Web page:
[RFC] Input design

David Zeuthen david at fubar.dk
Tue Apr 24 13:02:19 PDT 2007


sorry for the lag,

On Sat, 2007-04-21 at 02:46 +0300, Daniel Stone wrote:
> Right.  For a few usecases (embedded/consumer devices in particular, as
> well as minimal systems, LTSP-type setups, et al, not to mention systems
> which are merely misconfigured or incomplete -- it's kind of hard to fix
> that without input), we really want the server to be able to bring up
> our devices.

Right. And if (in 10,000 years) it's feasible to run with e.g. Linux
in-kernel virtual consoles you need this too for emergency shells and
the like...

> > Adding HAL support to the server means it needs to talk to HAL - this
> > can only be done via D-Bus (the system bus specifically) so your
> > complaints about libdbus may apply here. It's true, however, that
> > there's a C library, libhal, that does this for you (via libdbus) and it
> > checks everything (or tries to) to make sure it doesn't send garbage to
> > libdbus. And this works fine.
> Sure, but if libdbus is effectively an implementation detail of libhal,
> then that's not something I'm bothered with, as you say.

Well, libdbus is a bit more than an implementation detail today.. libhal
isn't really a well-designed library; it kinda grew organically.

> For us, our native binding is libdbus.  GLib is unacceptable due to the
> whole abort()-on-malloc()-failure thing, and for obvious reasons we're
> not about to start requiring Qt/C++, Mono/C#, Java, or Python.  So we're
> stuck with the low-level lib (which no-one is ever supposed to use, but
> we lack for alternatives), and its incredibly awkward API.

Yeah, no disagreement there... but you only have to go through the pain
once or so they say. 

> > For the record, whether you use D-Bus or X protocol to do this both
> > works as long as you can get the information you need about the client
> > (e.g. uid, pid whatever) to make a security decision. It's not like I'm
> > religiously attached to D-Bus; I just don't think your complaints about
> > libdbus are valid.
> Sure.  The benefit here isn't in getting rid of D-Bus, but in reducing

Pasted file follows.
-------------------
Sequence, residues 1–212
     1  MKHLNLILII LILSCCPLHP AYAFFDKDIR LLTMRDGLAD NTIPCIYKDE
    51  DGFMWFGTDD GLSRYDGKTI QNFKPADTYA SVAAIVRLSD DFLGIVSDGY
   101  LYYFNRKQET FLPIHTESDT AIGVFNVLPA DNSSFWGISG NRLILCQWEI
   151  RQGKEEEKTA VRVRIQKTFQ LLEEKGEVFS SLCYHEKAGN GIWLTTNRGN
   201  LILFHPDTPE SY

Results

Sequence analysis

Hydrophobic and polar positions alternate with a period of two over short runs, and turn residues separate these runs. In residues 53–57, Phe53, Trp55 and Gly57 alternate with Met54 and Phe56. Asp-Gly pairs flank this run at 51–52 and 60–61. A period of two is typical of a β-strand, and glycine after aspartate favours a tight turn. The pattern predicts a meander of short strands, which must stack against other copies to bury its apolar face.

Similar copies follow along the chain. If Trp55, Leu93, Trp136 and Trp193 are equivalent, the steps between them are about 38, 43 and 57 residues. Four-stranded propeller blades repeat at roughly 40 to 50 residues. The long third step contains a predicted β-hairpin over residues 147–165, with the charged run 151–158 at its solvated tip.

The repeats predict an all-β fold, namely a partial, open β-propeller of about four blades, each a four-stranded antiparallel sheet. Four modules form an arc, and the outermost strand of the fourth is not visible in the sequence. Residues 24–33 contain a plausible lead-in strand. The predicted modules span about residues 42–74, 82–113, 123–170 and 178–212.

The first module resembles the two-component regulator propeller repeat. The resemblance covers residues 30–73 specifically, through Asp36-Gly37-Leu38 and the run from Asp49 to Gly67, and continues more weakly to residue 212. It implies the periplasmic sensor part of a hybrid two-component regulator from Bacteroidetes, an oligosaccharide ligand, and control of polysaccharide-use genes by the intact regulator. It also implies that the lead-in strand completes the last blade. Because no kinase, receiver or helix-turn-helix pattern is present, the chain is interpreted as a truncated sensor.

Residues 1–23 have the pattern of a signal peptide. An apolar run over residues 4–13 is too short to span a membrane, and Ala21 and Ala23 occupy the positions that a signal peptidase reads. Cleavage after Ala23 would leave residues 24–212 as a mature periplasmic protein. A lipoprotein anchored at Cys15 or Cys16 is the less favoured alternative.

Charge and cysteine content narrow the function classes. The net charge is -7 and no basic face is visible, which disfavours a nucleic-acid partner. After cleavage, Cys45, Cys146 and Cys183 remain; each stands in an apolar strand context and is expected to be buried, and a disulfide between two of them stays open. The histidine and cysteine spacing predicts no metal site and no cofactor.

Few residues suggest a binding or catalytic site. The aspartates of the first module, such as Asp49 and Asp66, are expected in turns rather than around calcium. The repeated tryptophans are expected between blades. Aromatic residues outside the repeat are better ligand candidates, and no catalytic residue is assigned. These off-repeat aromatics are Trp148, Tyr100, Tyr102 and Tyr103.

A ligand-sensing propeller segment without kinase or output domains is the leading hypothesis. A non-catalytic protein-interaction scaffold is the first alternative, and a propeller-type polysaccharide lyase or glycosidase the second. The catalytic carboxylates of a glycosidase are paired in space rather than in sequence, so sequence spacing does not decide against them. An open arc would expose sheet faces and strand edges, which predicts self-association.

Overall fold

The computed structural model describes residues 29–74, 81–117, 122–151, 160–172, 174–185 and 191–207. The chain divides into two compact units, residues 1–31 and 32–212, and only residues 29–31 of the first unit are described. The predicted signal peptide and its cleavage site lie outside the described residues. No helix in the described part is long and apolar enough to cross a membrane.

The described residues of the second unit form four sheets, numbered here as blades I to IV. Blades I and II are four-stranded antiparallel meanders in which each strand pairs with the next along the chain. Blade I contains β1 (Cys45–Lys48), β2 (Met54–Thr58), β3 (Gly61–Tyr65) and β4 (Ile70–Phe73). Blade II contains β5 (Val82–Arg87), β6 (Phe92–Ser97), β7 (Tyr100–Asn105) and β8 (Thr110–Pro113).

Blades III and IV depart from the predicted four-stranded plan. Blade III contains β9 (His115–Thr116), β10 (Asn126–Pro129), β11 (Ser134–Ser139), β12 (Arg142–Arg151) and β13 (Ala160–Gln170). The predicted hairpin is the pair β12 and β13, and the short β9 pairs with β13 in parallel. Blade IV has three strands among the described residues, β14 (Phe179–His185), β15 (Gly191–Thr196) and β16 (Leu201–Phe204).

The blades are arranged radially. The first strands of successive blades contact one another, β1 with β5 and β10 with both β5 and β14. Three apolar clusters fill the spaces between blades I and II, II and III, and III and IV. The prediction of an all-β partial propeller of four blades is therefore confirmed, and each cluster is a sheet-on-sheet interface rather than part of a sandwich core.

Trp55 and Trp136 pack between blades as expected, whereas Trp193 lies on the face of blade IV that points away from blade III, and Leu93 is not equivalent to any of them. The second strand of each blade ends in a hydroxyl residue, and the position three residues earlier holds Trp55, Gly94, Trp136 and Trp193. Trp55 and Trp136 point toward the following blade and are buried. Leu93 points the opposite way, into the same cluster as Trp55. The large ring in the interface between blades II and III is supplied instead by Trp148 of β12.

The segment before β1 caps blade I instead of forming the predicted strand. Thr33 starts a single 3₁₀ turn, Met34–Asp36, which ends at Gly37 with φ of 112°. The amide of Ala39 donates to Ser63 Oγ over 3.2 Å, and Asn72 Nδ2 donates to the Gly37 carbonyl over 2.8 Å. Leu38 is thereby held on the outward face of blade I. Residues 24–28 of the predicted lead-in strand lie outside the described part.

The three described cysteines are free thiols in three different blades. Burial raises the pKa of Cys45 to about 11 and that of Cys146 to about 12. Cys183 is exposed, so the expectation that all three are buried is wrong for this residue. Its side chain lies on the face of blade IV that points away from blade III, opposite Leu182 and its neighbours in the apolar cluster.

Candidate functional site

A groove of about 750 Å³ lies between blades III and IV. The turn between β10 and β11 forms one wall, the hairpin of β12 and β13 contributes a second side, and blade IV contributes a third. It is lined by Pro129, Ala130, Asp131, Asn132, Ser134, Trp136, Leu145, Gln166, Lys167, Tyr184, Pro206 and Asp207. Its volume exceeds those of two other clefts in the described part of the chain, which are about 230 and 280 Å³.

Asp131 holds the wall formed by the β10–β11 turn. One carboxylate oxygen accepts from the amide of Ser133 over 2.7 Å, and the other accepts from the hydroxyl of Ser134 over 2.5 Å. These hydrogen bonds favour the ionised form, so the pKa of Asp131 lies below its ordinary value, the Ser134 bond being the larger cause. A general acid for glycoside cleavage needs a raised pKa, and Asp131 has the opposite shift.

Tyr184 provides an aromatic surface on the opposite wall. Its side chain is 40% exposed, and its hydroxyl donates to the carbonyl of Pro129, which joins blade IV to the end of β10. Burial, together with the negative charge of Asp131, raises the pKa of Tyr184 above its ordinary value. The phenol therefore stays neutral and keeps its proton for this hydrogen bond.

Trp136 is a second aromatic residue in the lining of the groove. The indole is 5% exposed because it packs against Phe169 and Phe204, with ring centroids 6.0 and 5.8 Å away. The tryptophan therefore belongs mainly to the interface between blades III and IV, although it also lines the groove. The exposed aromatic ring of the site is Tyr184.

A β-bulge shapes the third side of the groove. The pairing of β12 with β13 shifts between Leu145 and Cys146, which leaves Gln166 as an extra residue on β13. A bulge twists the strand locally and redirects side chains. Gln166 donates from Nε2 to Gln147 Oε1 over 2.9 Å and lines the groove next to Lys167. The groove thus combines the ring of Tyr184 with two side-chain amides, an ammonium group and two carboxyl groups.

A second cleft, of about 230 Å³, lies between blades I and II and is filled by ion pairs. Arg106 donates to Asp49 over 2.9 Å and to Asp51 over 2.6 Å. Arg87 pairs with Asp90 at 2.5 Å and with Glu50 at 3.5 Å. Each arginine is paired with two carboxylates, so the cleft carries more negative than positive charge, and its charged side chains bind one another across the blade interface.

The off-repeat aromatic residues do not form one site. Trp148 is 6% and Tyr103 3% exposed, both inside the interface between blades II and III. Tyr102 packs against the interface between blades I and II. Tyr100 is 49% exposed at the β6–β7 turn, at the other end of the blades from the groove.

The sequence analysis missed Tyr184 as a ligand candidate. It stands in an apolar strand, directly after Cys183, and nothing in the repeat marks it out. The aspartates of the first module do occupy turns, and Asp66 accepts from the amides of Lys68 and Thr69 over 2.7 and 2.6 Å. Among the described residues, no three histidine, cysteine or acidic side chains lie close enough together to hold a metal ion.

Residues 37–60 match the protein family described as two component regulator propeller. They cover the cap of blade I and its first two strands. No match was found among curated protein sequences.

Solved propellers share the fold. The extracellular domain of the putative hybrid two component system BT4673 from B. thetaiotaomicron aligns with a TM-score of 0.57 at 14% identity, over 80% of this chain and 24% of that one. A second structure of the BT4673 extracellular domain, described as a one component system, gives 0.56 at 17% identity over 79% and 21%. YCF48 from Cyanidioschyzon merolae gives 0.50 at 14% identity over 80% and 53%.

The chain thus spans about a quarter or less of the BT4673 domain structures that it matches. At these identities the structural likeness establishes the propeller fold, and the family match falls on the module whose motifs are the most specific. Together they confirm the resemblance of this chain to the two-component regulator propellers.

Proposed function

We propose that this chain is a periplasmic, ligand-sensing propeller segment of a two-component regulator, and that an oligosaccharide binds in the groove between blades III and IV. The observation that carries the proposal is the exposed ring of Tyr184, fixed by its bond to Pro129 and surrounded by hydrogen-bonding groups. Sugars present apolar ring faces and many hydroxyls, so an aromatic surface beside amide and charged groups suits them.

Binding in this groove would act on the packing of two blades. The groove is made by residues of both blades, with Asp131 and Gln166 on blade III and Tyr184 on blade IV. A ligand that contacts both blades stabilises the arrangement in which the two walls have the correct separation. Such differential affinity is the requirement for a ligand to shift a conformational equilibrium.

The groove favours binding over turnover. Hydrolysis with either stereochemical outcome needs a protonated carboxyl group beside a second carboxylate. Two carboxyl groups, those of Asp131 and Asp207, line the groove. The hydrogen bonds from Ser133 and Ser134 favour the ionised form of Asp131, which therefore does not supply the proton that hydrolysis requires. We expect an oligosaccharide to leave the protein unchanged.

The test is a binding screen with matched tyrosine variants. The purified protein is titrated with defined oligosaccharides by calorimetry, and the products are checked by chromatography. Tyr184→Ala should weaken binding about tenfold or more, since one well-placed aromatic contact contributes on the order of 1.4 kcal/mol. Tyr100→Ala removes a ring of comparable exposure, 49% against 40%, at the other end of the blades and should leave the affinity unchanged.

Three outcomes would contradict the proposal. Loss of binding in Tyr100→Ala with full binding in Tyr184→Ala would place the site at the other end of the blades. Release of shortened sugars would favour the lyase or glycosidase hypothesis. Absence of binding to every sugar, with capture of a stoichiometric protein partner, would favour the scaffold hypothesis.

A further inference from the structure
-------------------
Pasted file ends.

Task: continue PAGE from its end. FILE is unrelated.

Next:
> the number of client/server interfaces from two to one.  I'm not
> convinced that the benefits brought by doing things out-of-band outweigh
> the downsides of making sure everyone has D-Bus, requiring relatively
> complex setups to manage it from a remote machine, and doubling the
> number of communication channels that need to be doubled and deal with
> authentication.

Right. But isn't it a problem that you can't get the UNIX user id of the
X client that requests to hotplug something? I mean, you really want to
only allow hotplug add devices the X client requesting the hotplug add
have access to, yes?

> > Btw, I don't see why it's useful to let the server keep this list; I'd
> > just stick it in a library and let the client use it; I mean, what
> > really is the big win between
> > 
> >  1) client using X protocol to enumerate devices AND select device; vs.
> > 
> >  2) client using some library to enumerate devices AND then use X
> >     protocol to select device
> > 
> > Maybe there's something I don't get?
> 3) Server adds all input devices in the absence of a client, is the
> killer feature here.  I don't really want to have to run a full config
> client on the N800, and I'm pretty sure quite a number of others don't
> want to, either.

Is the thinking that this is achieved by passing a special option to the
X server and only acknowledge this option if the user starting the
server is root? Then that option would just add all input multiplexers
(e.g. /dev/input/mice + friends on Linux) or manually add each and every
input device that exists at server startup time...

(Because otherwise, it seems like a security hole... for example, a user
can gain access to all input devices and this would break for e.g.
multi-seat and maybe other things.)

> >  3. Keep in mind that access to the device may be revoked at any point
> >     in the future for the user that added the device; Since the server
> >     (currently) runs as root, perhaps that means you want to run your X
> >     input driver in a child process with  the uid of the user that added
> >     the device... and then handle ENXIO or SIGBUS [1]. 
> We're not going down the child user path, nor are we going to strongly
> tie users and servers (see, e.g. MPX, which gives you one display for
> multiple seats; you might say ConsoleKit here, but think of display
> walls and shared collaborative systems).
> We can catch the signals and just shut down the device.  That's not a
> problem.

I guess we'll have to wait and see how this actually works out when
revoke() lands in the kernels people use and people/distros actually
start using it... either way, as you say, there are nicer ways to do
this than having the driver code run in a child process.


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